Columbia College Chicago Exhibition: Papercuts
CHICAGO (Aug. 7, 2014)—Columbia College Chicago’s Glass Curtain Gallery and the Center for Book and Paper Arts present Papercuts, Sept. 18–Nov. 8. With 31 works by artists from Australia, Canada, the Czech Republic, France and the United State, Papercuts transforms the ancient technique of paper cutting from 6th century China into bold, contemporary statements on international historical, cultural and personal identity.
“Laboriously cut by hand, the works in the exhibition are poetic interplays of light and shadow,” said Reni Gower, professor of Art, Painting and Printmaking at Virginia Commonwealth University and organizer of the exhibition.
Using an array of tools and paper, the exhibition celebrates the subtle nuance of the artist’s hand, playing with light, shadow and color for dynamic installations filled with delicate illusions. Each artist contributes a unique sensibility within a complex construct that has hand cut paper at its core, manifesting as silhouettes, romanticized fictions, enigmatic reenactments, cryptic scripts, poetic abstractions, and more.
By encrypting their content through arduous and obsessive processes — cutting, rolling, punching, folding, pinning — these meditative works are charged with narrative, metaphor, and beauty. The exhibition is also sponsored in part by VCUarts, School of the Arts at Virginia Commonwealth University.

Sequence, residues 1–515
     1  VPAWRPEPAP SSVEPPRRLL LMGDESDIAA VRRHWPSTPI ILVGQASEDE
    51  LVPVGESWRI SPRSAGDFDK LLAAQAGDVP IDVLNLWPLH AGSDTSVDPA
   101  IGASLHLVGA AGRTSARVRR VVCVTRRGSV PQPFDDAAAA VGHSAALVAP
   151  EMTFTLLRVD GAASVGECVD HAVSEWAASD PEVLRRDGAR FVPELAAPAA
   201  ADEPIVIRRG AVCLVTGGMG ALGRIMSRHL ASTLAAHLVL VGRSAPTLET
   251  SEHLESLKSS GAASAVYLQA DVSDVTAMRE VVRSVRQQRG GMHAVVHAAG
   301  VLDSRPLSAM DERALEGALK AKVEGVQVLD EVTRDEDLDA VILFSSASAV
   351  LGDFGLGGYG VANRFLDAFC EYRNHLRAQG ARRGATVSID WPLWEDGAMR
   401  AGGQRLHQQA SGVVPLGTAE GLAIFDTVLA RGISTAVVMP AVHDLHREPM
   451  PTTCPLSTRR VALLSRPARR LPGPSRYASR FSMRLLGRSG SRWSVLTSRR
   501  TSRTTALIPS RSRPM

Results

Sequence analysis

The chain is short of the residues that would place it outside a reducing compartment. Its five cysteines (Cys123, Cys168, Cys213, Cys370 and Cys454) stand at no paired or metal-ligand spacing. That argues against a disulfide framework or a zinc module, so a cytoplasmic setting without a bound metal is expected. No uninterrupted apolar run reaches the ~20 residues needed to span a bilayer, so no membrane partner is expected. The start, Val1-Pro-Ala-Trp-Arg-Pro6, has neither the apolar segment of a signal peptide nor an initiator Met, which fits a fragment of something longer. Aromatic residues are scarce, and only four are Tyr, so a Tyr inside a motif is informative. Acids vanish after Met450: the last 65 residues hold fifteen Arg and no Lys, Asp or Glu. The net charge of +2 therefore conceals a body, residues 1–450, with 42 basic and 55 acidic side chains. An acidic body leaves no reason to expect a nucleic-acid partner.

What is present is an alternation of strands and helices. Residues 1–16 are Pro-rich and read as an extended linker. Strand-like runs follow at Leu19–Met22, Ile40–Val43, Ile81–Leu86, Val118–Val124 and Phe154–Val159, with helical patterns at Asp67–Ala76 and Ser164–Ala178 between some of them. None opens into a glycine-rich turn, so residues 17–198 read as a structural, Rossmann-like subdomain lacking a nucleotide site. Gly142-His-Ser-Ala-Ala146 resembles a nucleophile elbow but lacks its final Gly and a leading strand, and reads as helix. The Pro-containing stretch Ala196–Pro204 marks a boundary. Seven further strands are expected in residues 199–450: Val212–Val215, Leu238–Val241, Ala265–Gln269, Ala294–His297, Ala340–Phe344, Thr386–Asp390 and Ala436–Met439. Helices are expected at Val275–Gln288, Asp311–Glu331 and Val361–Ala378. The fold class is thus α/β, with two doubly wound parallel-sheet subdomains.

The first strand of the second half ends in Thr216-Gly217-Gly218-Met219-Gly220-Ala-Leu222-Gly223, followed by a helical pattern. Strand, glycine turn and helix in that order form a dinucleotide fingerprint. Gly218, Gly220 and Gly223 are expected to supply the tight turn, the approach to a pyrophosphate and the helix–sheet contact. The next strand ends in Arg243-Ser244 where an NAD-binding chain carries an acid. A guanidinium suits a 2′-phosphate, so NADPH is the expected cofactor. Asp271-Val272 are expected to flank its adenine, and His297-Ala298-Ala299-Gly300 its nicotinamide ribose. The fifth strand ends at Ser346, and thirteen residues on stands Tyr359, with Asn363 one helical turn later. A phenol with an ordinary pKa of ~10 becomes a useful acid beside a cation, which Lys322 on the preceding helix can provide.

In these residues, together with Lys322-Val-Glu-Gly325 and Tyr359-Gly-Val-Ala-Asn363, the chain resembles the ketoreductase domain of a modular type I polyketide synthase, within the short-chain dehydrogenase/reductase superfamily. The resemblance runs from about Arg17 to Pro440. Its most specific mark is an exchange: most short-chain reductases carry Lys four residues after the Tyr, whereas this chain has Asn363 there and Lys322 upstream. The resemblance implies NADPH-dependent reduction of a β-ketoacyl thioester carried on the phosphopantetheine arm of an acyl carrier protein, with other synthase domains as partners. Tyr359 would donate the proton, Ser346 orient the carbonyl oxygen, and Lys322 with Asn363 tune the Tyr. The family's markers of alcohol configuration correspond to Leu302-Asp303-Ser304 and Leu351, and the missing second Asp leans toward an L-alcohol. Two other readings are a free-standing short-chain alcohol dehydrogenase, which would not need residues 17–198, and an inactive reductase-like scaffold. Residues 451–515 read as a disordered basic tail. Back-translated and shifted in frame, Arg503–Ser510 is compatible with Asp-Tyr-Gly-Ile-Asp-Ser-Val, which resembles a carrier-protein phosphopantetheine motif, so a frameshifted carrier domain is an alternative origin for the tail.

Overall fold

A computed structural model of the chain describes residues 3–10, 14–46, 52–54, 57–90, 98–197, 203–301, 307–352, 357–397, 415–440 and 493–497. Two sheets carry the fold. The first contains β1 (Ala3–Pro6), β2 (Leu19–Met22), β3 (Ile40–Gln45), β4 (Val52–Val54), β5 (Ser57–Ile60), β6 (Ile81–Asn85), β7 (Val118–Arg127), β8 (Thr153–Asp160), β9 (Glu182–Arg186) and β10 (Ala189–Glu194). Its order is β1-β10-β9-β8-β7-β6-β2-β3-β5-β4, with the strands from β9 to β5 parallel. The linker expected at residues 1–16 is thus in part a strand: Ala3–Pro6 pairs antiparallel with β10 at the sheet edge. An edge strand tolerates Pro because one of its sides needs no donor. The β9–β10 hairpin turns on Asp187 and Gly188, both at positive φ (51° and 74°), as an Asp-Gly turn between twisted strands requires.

Sept. 18 – Nov. 8
Reception and 20th Anniversary Celebration of the Center for Book and Paper Arts: Sept. 19, 5-8 p.m.
Artist talk with Reni Gower: Oct. 14, 6 p.m., Center for Book and Paper Arts, Room 205
- Photography Alum, Guggenheim Fellow on How Columbia Helped Shape and Inform Her Practice
- “Artists and Models” Exhibition: Students Across Campus Tell the Story of the South Side Community Art Center
- Association for Popular Music Education is Breaking New Ground at Columbia
- Cartoons That Make You Think: Political Cartoon Contest 2021 Winners Announced
- Columbia Student-Run “Hokin Honors” Exhibit Returns in Virtual Format